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  2. I made a sweater from a WW1 pattern a few years ago. It was easy (miles of garter stitch with a bit of ribbing in the middle) but constructed completely differently from any modern sweater I've made (also: no gauge to speak of, and the needle size was iffy). It was a pullover and made from hem to hem (so start at one hem and work your way up and over, and then make two gigantic side seams to sew it all up. Sleeves were done all in one). It was a LOT of stitches on the needles! Still, I'm glad I made it, even if it was too big for me by the time I finished (I was losing weight and it took me a long time to finish). I gave it to another reeanacter who was thrilled to have it!

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    1. That sounds like a couple of the sweater patterns I've been looking at. I hesitate using that technique since I'm so used to knitting front and back simultaneously, but I love the idea of fewer seams to stitch up at the end!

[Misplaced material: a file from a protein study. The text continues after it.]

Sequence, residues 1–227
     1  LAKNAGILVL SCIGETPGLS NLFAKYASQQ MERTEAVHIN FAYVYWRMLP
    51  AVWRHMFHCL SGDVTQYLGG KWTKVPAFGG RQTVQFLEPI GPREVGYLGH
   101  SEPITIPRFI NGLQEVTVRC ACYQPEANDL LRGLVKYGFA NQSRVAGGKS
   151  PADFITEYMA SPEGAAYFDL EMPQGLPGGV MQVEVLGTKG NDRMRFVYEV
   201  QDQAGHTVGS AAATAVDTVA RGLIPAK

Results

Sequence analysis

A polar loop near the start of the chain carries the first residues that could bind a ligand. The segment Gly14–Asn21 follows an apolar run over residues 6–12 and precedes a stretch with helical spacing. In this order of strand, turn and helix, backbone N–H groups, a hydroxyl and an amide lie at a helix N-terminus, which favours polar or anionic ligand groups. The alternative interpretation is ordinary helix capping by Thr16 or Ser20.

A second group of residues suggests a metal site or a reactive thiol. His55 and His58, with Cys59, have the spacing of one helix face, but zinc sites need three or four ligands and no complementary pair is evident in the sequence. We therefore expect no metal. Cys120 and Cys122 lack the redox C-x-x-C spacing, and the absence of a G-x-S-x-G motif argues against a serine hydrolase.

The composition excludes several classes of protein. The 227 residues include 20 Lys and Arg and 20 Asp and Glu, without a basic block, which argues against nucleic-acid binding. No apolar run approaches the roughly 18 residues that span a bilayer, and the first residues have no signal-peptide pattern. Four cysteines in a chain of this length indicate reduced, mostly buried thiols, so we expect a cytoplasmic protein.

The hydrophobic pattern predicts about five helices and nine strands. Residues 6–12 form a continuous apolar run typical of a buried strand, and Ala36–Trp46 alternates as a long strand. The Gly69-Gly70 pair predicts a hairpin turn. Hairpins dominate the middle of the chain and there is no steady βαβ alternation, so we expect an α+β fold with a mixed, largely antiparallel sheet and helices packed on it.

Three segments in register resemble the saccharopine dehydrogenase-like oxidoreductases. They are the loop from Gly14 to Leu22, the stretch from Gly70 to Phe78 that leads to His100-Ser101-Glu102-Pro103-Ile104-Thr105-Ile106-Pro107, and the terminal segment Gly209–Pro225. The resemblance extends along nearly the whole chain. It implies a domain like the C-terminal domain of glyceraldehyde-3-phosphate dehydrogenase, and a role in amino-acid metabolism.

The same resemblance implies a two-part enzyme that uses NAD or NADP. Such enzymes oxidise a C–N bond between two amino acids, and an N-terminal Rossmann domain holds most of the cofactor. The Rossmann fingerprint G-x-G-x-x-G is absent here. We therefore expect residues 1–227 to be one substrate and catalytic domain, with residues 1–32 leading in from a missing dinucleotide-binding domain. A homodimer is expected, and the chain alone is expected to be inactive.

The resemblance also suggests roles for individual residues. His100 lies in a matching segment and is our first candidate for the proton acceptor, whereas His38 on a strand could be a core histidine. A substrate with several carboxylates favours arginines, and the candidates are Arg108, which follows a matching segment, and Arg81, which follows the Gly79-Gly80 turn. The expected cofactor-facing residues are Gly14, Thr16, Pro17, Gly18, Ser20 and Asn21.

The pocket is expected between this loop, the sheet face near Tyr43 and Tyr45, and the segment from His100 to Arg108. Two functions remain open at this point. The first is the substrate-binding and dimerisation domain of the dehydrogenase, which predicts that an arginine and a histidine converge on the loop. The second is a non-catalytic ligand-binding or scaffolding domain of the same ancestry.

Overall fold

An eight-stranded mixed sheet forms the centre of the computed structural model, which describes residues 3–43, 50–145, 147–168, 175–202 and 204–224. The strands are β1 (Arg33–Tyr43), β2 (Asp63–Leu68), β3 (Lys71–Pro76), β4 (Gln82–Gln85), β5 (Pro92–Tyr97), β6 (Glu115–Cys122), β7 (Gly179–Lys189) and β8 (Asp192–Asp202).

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    2. Same here-- I knit front/back as one, and usually do both sleeves at together first. Fewer seams and when done with the body, I don't have to wait for the sleeves. The main hesitation with knitting hem to hem though is "what if I run out of yarn?! With so little info about quantity of yarn, gauge, sizing, etc. (Since it's been a long while since I've knit full sweaters I'm out of practice guestimating yarn quantity). At least knitting bottom up, you can always switch yarns as an "I meant to do that" design feature. --another Rebecca

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  3. I got myself a knitting machine last winter and one of the big reasons was to be able to reproduce vintage knitwear (hopefully a little faster than my hand knitting and in bigger/taller sizes). I'm doing it for totally selfish reasons for me and my family, but I hope to get myself setup to be able to offer reproduction sweater for sale too. If that happens I'll make sure to let you guys know.

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  4. There are also quite a few crochet patterns from the era for sweaters, and a lot of them look pretty nice! So if you crochet, but don't knit, you might find something really nice to make!